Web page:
These are what we call the 'YMMV items.' Things that some people find in this work. We call them 'your mileage might vary' because not everyone sees these things in the same way. This starts discussions in the trope lists, a thing we don't want. Please use the discussion page if you'd like to discuss any of these items.
"Journey to the Center of Cow": Cow accidentally swallows Chicken, who spends much of the episode paddling a river of acid inside Cow's four labyrinthian stomaches, encounter different enzymes of different intents, and in the end, not only does Red Guy (as a doctor) sacrifice his own life to save Chicken, he attends a disco rave with the enzymes. Wut?
"Intelligent Life?": Cow somehow builds a milk-powered rocketship out of cardboard boxes and metal trashcans, lands on a planet composed entirely of mud, meets Red Guy who claims to be an alien, brings him home where he's treated like a god, then later becomes a jean model (oh, and he models jeans to the same disco music from the above-mentioned rave)... then Chicken turns off the TV and comments how stupid that show was.
Some of Flem and Earl's fake flashbacks and Imagine Spots from "Lost at Sea" are pretty... odd...
"Monster in the Closet": Cow befriends a monster hiding in her closet, who's invisible to everybody except her, though he's obviously not imaginary, because Mom and Dad eventually see him, and order Cow to banish him to the closet out of fear of him; in the end, Chicken finds him in another closet (even though he was invisible to Chicken as well) and they become pals after Cow finally dismisses him as a figment of her imagination.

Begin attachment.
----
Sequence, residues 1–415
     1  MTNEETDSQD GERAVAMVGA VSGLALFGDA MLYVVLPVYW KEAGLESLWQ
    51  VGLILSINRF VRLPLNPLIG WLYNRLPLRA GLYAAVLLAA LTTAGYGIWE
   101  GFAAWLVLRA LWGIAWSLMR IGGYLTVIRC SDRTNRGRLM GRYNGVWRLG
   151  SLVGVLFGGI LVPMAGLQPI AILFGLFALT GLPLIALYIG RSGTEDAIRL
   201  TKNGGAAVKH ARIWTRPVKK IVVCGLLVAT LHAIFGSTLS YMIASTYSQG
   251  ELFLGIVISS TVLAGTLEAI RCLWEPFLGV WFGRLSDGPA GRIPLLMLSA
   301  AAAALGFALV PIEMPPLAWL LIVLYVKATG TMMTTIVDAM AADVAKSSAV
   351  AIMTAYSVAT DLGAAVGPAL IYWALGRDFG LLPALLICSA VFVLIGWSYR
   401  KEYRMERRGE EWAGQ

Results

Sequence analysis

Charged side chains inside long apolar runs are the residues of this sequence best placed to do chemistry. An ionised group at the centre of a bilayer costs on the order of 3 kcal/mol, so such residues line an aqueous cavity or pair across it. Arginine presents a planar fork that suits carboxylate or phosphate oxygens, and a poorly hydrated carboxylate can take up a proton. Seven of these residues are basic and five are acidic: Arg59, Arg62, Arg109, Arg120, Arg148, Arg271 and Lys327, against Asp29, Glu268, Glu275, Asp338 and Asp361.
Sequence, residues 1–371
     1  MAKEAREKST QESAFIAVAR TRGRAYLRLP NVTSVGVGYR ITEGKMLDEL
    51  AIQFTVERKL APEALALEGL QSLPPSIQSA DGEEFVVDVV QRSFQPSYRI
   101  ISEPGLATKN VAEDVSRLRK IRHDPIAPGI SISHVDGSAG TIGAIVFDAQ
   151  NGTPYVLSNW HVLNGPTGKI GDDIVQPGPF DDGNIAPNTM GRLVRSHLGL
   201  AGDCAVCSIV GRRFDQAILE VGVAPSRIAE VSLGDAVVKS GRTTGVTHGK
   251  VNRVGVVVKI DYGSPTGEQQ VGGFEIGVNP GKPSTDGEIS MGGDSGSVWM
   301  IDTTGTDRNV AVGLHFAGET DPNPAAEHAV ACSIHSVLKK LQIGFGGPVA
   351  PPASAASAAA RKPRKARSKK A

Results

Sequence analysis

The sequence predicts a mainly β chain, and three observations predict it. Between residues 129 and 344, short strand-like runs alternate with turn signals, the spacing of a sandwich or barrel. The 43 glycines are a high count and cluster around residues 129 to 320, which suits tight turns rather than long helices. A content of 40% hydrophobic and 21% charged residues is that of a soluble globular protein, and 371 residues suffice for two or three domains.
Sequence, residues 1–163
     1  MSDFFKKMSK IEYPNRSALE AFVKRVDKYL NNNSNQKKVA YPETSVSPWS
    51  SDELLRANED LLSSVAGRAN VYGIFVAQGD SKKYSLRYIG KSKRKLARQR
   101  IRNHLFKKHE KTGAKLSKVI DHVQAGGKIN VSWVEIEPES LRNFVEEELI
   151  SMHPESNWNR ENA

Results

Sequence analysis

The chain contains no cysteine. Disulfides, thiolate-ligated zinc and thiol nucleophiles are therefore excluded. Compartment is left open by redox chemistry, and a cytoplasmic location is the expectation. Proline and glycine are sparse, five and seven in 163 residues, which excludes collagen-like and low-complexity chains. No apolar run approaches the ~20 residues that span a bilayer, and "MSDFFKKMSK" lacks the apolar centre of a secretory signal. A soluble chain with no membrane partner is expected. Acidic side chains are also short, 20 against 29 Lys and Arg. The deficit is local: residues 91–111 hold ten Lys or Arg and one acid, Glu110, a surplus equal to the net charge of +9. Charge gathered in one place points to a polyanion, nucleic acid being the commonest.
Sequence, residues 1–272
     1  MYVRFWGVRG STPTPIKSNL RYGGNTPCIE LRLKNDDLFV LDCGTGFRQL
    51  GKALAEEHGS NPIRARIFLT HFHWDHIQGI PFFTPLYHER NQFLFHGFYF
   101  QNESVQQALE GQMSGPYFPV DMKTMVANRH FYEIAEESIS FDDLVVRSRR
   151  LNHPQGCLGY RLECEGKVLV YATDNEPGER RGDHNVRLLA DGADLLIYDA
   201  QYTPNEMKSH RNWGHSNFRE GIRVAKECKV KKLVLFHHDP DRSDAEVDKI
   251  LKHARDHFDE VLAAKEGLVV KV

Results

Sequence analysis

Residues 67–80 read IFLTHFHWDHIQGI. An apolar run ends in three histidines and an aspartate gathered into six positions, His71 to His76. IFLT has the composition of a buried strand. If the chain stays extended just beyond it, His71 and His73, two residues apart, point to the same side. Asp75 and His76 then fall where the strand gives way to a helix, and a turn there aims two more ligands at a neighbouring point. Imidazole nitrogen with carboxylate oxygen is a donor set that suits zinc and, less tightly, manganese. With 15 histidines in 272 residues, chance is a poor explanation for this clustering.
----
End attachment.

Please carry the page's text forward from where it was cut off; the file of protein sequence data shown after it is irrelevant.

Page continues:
Ear Worm: Momma had a chicken! Momma had a cow! Dad was proud! He didn't care how!
The short piece of music that plays at an episode's Title Card. It will still be in your head years after you've watched an episode.
Moral Event Horizon: The Red Guy crosses this in the episode Part-Time Job when he tried to cook Chicken alive for his chicken-on-a stick restaurant.
They Copied It, Now It Sucks: Was accused of doing this to Ren and Stimpy, though, unlike most cartoons that tried to be as gross and shocking as Ren and Stimpy, this show actually had some former animators and storyboard artists who worked on Ren and Stimpy (the John K. episodes that weren't from Adult Party Cartoon), so it wasn't like the show hired a bunch of wannabes who had a passing knowledge of doing wacky, gross-out cartoons. They had people who knew from experience.
This Is Your Premise on Drugs: Inverted. This show could be seen as The Ren & Stimpy Show if it went to rehab and is in the process of recovering, but still has a long way to go before it can fully be clean (and traded its addiction to gross-out jokes for gender-bending jokes and sexual innuendo, similar to how most drug addicts turn to other addictions while trying to recover).
On a "Talkin' Toons Live" special, the first thing Rob Paulsen asks David Feiss (the show creator) was how much bong water was ingested before doing this show. The answer was none.